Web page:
Scientists have cracked the secret of how the rogue proteins thought to cause vCJD and other brain diseases are able to form different strains.
Prions are responsible for brain disease
Researchers had assumed this must only be possible if these proteins - prions - had some form of genetic content.
But US researchers have shown that they are made up solely of protein, and that new types result simply from prions twisting into new shapes.
The research is published in the journal Nature.
It suggests that the ability of prions to misfold into new formations - or strains - accounts for their ability to trigger different diseases.
As well as CJD in humans, they are thought to be responsible for BSE in cows, and scrapie in sheep.
The researchers, from the University of California at San Francisco and Florida State University, believe that once a prion has folded into a new shape, it acts as template for others.
This produces a chain reaction that allows infection to spread.
They hope their work will shed light on what remain relatively poorly understood neurological diseases.
Researcher Dr Jonathan Weissman said: "I would say this puts to rest any question about whether the protein-only prion hypothesis as a general principle is true.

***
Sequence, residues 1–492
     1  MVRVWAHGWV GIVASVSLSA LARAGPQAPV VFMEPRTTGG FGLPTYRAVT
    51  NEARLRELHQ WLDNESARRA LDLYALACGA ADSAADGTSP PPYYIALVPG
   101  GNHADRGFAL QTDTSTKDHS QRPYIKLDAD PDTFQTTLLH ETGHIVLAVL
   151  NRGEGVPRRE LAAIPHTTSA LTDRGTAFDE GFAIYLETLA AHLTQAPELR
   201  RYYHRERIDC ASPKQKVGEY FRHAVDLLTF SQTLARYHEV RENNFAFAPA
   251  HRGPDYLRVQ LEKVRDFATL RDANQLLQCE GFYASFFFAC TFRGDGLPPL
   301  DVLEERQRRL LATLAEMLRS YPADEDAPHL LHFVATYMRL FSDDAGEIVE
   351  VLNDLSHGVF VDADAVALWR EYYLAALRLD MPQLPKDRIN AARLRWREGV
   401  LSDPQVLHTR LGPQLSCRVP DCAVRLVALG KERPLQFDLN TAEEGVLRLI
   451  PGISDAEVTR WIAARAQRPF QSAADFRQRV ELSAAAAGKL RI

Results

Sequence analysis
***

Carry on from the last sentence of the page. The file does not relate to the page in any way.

"And it also establishes that prion strains can be accounted for solely by the ability of the protein to misfold into more than one conformation."
The latest work was based on experiments on prions found in yeast, which are similar to those that damage human and other mammalian brains.
The Californian scientists developed a technique to split a yeast prion into two different strains by exposing it to different temperatures.
Meanwhile, the Florida team isolated three different strains of yeast prion - each of which originated from the same protein molecule.
The Florida scientists showed that prions acted in much the same way in yeast as they did in mammals.
Introduced into healthy cells, the misfolded proteins made contact with molecules identical to the proteins from which they were originally made, and caused them to warp into exactly the same shape.
This led to the disruption or alteration of normal cell function.
In mammalian infections, prions trigger protein clumping that can kill brain cells, whereas yeast prions merely alter a cell's metabolism and are not deadly.
A UK Department of Health spokesman said: "This research will be given to the government's expert committee on these issues, the Spongiform Encephalopathy Advisory Committee (Seac), at its next meeting."